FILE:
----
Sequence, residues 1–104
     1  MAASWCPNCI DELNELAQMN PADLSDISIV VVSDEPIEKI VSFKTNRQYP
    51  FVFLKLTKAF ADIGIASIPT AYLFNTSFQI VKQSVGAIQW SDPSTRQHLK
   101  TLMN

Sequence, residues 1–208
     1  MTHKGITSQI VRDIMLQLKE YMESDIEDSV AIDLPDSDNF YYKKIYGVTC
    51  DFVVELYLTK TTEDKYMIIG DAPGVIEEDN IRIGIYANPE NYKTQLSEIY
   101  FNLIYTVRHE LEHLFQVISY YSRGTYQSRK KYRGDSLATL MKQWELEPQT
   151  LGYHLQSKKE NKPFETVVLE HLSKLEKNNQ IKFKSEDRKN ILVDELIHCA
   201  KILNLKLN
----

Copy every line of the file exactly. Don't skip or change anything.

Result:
Sequence, residues 1–104
     1  MAASWCPNCI DELNELAQMN PADLSDISIV VVSDEPIEKI VSFKTNRQYP
    51  FVFLKLTKAF ADIGIASIPT AYLFNTSFQI VKQSVGAIQW SDPSTRQHLK
   101  TLMN

Sequence, residues 1–208
     1  MTHKGITSQI VRDIMLQLKE YMESDIEDSV AIDLPDSDNF YYKKIYGVTC
    51  DFVVELYLTK TTEDKYMIIG DAPGVIEEDN IRIGIYANPE NYKTQLSEIY
   101  FNLIYTVRHE LEHLFQVISY YSRGTYQSRK KYRGDSLATL MKQWELEPQT
   151  LGYHLQSKKE NKPFETVVLE HLSKLEKNNQ IKFKSEDRKN ILVDELIHCA
   201  KILNLKLN